Determining best predictors of animal performance in feedlot steers
Metadata[+] Show full item record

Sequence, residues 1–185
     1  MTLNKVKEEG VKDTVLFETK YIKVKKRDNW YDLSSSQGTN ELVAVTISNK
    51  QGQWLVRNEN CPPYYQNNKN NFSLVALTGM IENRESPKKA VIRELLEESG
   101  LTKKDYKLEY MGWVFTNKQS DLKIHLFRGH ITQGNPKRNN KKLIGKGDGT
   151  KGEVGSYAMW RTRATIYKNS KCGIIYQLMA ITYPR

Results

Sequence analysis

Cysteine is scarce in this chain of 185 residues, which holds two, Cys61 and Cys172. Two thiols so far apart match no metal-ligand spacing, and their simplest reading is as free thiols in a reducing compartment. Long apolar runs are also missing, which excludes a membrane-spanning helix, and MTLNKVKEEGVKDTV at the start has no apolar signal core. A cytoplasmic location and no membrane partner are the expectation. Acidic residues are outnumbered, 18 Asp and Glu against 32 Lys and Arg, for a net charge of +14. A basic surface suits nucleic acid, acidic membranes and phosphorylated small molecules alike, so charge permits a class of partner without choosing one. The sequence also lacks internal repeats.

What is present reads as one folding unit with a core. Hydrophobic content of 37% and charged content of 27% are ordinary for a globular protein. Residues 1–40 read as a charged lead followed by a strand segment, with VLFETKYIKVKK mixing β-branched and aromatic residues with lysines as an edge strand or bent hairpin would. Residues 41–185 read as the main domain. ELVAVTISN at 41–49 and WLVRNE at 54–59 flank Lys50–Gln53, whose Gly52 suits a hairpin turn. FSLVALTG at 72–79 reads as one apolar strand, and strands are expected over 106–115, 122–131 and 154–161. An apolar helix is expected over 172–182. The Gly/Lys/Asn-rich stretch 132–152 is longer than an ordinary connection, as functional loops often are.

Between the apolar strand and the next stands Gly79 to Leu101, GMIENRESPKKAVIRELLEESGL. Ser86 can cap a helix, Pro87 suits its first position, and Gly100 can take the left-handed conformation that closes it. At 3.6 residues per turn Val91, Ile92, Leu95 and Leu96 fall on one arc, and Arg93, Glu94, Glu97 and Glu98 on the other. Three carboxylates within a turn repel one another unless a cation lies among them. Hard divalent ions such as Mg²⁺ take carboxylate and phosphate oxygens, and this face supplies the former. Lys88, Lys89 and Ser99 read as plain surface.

Two studies were performed in a feedlot environment to determine the long-term effects of heat events on animal performance and well-being. Experiments in this thesis were designed to pinpoint ambient variables that most strongly elicit animal thermoregulatory responses. These animal responses included core temperature (Tcore) alone in the first study, and both Tcore and animal respiration rate (RR) in the second. Both experiments went a step further by using both ambient conditions and animal responses to predict feed intake (FI) response to heat stress. The ability to predict FI based on measurable independent variables could be very helpful to beef producers who are otherwise subject to environmental stressors and loss in animal production. The first study followed 26 crossbred Angus steers during 42 days of a central Missouri summer in 2011 (July 12 through August 22), and was strictly aimed at predicting Tcore and FI using ambient information. Animals were housed at the University of Missouri Beef Research and Teaching Farm (BRTF) in Columbia, Missouri and had ad libitum access to feed and water, with [about]50% shade coverage over the pens. All variables were automatically measured and recorded throughout the entire study period. Linear and polynomial regression analyses of variance (ANOVA, JMP statistical software; SAS Institute; Cary, NC) were used. Both ambient and mean herd Tcore readings were averaged by hour to analyze the relationship between environment and Tcore during daytime (0700 to 1700 CST).